NGO Center for Social Group Development (CSGD) organized on 17 March 2015 a conference on "LGBTIs in Politics". The aim of this conference was to gather together representatives from the government, political parties, international community and civil society to discuss how the LGBTI persons' rights and participation in politics could be improved.
Despite the fact that Kosovo has one of the region's broadest anti-discrimination laws, the situation for sexual minorities is fraught. Some progress of course has been made in recent years: the establishment of the Advisory and Coordination Group for the Rights of the LGBT Community and the first – although small – LGBTI parade in May 2014. However, there is still a lot of work to do, as activists still face daily discrimination. Political will to improve the situation at grass roots level has been low, so the promotion has been largely a responsibility of the international community. On the forefront has been the EU, who is funding a Twinning project in Kosovo aimed also at bettering the situation of the LGBTI community. The project is implemented by Austrian and Finnish experts.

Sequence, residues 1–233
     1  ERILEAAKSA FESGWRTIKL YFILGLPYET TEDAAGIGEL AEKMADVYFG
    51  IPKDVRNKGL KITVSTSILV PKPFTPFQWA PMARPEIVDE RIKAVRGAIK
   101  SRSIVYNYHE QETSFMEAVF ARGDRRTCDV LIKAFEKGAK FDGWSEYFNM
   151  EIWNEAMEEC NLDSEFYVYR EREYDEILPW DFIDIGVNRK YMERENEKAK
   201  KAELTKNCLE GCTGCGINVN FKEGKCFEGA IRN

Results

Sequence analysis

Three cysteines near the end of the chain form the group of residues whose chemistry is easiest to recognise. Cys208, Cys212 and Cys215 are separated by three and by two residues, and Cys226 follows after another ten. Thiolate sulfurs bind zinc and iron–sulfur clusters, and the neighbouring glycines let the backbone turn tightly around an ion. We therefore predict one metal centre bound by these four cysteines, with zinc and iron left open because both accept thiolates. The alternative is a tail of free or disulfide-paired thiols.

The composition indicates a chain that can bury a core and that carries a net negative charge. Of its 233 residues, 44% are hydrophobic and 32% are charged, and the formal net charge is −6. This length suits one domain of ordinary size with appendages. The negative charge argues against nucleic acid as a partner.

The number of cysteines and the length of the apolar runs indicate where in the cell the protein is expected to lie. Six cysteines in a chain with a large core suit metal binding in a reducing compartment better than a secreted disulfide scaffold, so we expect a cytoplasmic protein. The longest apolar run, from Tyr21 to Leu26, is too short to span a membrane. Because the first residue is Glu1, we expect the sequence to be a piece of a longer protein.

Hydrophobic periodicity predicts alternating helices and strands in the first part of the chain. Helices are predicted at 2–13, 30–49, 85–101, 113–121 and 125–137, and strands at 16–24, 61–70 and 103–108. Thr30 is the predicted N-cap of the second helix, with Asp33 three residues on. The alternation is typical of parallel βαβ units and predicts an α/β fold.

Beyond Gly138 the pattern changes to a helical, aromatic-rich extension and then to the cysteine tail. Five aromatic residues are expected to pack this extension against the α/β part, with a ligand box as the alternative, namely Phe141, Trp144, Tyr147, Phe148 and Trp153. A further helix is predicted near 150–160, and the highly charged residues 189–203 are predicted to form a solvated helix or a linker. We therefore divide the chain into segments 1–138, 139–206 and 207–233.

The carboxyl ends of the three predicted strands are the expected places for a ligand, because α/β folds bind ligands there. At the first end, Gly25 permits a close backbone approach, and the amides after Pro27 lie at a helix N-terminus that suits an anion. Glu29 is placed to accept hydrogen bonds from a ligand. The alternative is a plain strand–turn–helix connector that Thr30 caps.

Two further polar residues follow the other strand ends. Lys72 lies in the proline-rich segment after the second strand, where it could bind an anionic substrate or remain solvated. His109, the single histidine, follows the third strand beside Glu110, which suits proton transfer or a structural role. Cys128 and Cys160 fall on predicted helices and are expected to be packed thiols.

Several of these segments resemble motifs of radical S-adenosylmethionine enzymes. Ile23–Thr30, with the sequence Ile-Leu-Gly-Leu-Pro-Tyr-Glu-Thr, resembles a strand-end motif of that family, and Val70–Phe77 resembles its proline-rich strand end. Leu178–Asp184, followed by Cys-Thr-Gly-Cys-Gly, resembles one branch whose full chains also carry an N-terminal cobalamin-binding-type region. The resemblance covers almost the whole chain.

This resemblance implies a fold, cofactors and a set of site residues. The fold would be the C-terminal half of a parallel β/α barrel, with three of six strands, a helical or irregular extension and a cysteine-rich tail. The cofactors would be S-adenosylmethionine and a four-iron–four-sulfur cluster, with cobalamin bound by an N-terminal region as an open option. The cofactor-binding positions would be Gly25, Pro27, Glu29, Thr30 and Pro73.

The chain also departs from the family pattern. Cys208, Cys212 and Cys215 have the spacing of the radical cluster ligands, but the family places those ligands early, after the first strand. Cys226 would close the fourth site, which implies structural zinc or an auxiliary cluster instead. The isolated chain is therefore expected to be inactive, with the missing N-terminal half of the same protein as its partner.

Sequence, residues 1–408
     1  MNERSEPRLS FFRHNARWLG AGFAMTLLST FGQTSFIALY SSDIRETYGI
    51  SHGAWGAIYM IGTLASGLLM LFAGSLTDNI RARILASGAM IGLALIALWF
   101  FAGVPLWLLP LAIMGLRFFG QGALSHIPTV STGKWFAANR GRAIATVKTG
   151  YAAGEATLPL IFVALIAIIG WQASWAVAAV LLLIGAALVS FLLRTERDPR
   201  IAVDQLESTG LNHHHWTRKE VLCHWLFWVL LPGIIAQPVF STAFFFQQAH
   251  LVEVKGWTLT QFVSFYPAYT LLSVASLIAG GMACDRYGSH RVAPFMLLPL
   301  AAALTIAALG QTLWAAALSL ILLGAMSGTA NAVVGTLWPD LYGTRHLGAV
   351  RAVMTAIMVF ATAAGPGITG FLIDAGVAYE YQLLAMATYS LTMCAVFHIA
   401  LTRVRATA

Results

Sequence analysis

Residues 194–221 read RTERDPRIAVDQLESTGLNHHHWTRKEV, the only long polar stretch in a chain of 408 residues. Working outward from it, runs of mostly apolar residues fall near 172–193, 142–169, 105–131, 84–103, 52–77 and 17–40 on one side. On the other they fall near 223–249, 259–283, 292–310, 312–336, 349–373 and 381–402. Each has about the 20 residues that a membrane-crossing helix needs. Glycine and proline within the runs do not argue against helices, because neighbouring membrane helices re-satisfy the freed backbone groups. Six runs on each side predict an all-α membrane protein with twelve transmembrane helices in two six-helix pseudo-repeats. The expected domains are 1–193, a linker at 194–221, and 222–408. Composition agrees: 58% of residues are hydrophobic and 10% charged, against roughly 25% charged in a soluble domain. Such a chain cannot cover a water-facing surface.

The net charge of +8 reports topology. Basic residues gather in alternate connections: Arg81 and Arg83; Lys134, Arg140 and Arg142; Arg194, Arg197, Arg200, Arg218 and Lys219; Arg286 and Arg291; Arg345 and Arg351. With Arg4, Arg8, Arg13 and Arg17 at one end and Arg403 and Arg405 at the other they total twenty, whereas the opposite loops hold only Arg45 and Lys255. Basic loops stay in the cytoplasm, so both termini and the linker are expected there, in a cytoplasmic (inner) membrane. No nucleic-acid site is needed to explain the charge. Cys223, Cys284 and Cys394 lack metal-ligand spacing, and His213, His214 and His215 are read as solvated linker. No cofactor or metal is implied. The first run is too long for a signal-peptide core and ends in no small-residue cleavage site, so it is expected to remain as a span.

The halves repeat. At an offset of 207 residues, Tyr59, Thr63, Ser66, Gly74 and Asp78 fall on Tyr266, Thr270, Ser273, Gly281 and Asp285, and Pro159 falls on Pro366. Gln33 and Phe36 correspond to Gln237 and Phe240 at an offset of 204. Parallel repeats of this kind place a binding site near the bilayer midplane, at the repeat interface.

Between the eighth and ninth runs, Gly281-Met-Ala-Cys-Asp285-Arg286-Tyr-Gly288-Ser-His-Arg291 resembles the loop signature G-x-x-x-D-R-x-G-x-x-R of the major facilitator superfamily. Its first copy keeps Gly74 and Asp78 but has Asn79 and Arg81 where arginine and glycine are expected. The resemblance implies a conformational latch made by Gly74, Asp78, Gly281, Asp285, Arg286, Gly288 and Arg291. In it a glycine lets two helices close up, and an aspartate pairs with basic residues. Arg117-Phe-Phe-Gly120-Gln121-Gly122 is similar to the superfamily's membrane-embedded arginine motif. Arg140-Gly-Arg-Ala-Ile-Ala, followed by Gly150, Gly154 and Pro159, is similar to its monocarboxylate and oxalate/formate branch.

In addition to the CSGD Project Coordinator Mr Agim Margilaj, on this occasion speeches gave the Head of Finnish Embassy, Ms Anne Meskanen, Deputy Minister Mr Ramadan Ilazi from the Ministry of European Integration, the Head of Political Section of the EU-Office Mr Thomas Gnocchi and Ms Jennifer Bachus of the US Embassy.
Meskanen reminded in her statement, that personal is political. Sex has its own power structures and it defines our sexuality. Therefore it is important to talk about sex, sexuality and rights of sexual minorities, even though it might feel uncomfortable and difficult.
- All of us must take a stand against homophobia, especially those who are considered leaders in the society. Also the Kosovo government and members of the parliament must acknowledge their duty to protect the people of the LGBTI community. Sexual and gender minorities' rights are fundamental human rights, which cannot be negotiated.